It’s A Wild Wildlife
By Jay S. Jacobs
We know Paul Dano as an actor with over a decade of quirky movie choices behind him. Perhaps you remember him best as the twin preachers in There Will Be Blood. Or perhaps as the young Brian Wilson in Love & Mercy. Or, then again it could be as the dysfunctional older brother in Little Miss Sunshine. Or as the frightened future gangster in Looper. Or the mentally impaired man who was under suspicion for the disappearance of two girls in Prisoners.
It could be those or any one of dozens of other roles that Dano has played over the years.
Now, he is taking on yet another interesting new role – that of writer/director. Dano co-wrote the screenplay for the movie Wildlife with his long-time girlfriend, actress Zoe Kazan (The Big Sick) and based upon the novel of the same name by Richard Ford.
The melancholy drama is about a teen boy Ed Oxenbould watching the crumbling of his parents’ (Jake Gyllenhaal and Carey Mulligan) marriage in 1960s Montana, set against the backdrop of economic uncertainty and a fast-burning wildfire in the nearby hills. The movie has been getting raves as it made its way through the festival circuit, with an eye on an early November release.
Funny thing is, Dano has been thinking about making this movie since even before he made a name as an actor. He had discovered Ford’s novel long before that.
“I was a fan of his work,” Dano explained to me on the red carpet at the Philadelphia Film Center for the Philadelphia Film Festival screening. “I went into the bookstore and opened this book called Wildlife and was pretty much in love from the first sentence.”
Of course, back then Dano was just reading the book for enjoyment, but it dazzled him and stuck with him long after he arrived at the final page.
“I didn’t know it would be a film right away, but just as a reader,” Dano said.
So many things spoke to Dano in the book. “The language of it. The characters. The time. The place. The sense of family. The American dream.”
The seed of the movie started growing in Dano’s mind.
“I just really had a personal experience reading it and started daydreaming about a film,” Dano explained.
The novel Wildlife takes place in 1960, twenty-four years before Dano was even born. Back when the novel takes place, the family structure was very different. The father brought home the bacon, the mother kept the home and marital problems were always very hush-hush.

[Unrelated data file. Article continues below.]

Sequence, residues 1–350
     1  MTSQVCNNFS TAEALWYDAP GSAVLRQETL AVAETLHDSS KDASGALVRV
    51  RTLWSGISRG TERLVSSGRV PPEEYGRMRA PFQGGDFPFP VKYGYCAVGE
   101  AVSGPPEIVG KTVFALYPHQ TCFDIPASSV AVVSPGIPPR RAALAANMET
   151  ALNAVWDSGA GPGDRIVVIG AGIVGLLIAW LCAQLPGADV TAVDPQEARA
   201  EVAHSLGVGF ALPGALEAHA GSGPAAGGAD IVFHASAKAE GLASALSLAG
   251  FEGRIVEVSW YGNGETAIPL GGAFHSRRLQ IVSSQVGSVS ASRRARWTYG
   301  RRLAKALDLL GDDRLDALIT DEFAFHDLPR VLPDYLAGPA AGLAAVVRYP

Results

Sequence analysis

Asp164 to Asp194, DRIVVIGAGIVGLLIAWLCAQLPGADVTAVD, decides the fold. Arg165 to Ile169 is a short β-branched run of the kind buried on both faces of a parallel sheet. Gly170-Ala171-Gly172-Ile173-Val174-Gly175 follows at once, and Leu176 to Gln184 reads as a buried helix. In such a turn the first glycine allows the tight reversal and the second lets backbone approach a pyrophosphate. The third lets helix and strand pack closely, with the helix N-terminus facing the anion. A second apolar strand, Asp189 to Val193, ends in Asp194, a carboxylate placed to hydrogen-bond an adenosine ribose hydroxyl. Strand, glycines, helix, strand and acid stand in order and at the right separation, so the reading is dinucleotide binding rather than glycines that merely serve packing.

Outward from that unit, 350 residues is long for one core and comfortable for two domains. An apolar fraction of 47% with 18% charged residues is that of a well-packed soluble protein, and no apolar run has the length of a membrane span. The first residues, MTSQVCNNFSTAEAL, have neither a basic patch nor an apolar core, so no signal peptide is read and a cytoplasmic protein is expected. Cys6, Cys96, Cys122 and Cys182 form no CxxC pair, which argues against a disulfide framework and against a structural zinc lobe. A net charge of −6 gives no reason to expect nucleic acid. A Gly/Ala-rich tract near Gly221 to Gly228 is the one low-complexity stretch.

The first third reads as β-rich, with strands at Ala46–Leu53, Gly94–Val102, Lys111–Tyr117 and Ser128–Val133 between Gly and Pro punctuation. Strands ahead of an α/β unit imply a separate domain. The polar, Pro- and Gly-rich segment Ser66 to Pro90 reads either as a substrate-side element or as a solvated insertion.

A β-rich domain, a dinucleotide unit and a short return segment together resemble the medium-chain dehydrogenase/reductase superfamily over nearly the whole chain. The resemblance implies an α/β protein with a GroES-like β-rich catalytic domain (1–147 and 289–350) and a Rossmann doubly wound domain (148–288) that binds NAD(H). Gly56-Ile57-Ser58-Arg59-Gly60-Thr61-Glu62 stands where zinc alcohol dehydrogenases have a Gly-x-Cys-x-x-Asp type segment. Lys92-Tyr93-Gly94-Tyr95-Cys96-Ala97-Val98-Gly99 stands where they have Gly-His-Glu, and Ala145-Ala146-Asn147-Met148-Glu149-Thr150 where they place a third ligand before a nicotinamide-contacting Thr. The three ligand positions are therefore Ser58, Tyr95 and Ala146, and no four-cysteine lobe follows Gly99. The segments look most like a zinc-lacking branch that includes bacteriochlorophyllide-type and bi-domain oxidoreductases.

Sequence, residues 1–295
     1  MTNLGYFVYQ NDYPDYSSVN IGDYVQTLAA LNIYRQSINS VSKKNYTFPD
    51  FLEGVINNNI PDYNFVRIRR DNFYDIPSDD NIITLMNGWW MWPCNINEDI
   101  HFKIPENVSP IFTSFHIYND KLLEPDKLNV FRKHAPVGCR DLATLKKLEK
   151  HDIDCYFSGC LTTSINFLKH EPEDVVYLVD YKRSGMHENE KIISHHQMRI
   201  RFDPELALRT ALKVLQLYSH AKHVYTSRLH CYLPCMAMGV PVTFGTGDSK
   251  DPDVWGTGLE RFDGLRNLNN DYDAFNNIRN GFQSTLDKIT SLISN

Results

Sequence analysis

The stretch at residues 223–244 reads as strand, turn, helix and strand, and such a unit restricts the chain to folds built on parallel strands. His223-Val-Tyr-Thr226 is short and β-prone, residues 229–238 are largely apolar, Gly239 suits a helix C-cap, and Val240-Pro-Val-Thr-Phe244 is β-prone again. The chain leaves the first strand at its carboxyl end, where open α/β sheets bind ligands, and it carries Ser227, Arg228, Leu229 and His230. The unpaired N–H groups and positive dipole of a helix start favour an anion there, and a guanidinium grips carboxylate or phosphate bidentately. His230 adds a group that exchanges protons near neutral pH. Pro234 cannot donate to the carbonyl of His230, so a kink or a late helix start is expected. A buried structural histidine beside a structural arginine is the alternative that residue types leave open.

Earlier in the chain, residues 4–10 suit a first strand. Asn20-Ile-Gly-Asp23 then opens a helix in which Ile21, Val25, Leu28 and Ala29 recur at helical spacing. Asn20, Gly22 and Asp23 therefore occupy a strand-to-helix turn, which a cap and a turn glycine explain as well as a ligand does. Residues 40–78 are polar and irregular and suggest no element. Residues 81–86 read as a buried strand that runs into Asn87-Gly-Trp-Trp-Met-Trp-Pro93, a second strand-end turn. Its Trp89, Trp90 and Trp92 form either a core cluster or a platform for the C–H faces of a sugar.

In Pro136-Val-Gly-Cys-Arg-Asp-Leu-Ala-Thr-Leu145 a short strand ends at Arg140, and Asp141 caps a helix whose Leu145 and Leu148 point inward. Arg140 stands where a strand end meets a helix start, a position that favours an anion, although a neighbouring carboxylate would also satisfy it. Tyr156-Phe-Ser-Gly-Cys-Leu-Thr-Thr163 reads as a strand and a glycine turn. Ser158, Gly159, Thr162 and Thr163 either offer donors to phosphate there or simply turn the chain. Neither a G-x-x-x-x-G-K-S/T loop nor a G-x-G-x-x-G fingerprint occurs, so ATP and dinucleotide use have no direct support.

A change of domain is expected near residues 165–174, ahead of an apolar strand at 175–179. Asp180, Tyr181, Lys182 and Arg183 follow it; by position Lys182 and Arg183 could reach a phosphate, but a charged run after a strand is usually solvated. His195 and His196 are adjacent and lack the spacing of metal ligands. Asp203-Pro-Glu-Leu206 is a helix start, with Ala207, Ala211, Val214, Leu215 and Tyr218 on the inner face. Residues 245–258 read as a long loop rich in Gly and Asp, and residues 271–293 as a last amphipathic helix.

Wildlife explores the darker sides of that Father Knows Best age, which is often romanticized in the modern world. It was not necessarily the domestic paradise that is fetishized on “Making America Great Again” hats. However, Dano feels that the story will resonate with modern audiences.
“Well, for me, I saw myself in it,” Dano told me. “My parents. And my grandparents. So, yes, the time and the place is important to the story, but, at its heart – mother, father, child, marriage, family – I think it is timeless, the emotional content.”
In fact, Dano enjoyed recreating life in the heart of the Eisenhower era. The quiet desperation of the world, the repression, the different mores and family values, the low-tech existence, the forced civility; all these things appealed to him as a filmmaker.
“Sometimes it’s easier to see yourself when you step into a different world, rather than just the present,” Dano acknowledged. “Of course, it was important for the Jeanette character [the mother played by Carey Mulligan], the restrictions around her in society at that time. But, I think I started just from the heart.”
Now, Dano is intrigued by digging deeper into filmmaking. Of course, much of that decision will depend on the reaction to Wildlife. So far, the reviews have been stellar, but Dano is still somewhat bemused by how people will view his passion project.
“Boy, I hope the film isn’t disappointing,” Dano joked from the stage after being applauded by the crowd when introduced before the Philadelphia Film Festival screening. “It would be a bit awkward coming back after that.”
Beyond its period setting, Dano also feels that Wildlife is an old-fashioned film in another important way. It is a film best seen on a big screen; not on a television, or a pad, or a smart phone.
“First and foremost, it is really important to us, particularly in this day and age, that we get to share our work in the way it was intended to be seen and have a communal experience together,” Dano said.
“It means a lot that you guys take the care to show not just our film, but so many films here this week,” he said from the stage at the Film Festival. “To provide them with a good home, a beautiful theater. And for you guys to come out and support and share this with us. So, thank you.”
While Dano still plans on working as an actor, Wildlife has him excited about a future behind the scenes. The road to Wildlife has been long and winding, and he is gratified that it is finally getting out there for audiences to appreciate.
“I hope I’m still a young man,” Dano said. “I’ve been poking away at it for a while. Really hope it has found a home. I started thinking of this film when I was only 16, so it means a lot to be out here.”
In the long run, Dano wants people to relate to this story, just as he did as a teenaged reader who was hooked from the very first line.
“It’s a film about family,” Dano explained. “We’ve all got one. I hope everyone finds a piece of themselves somewhere in it.”
Copyright ©2018 PopEntertainment.com. All rights reserved. Posted: November 3, 2018.
Photos by Deborah Wagner © 2018.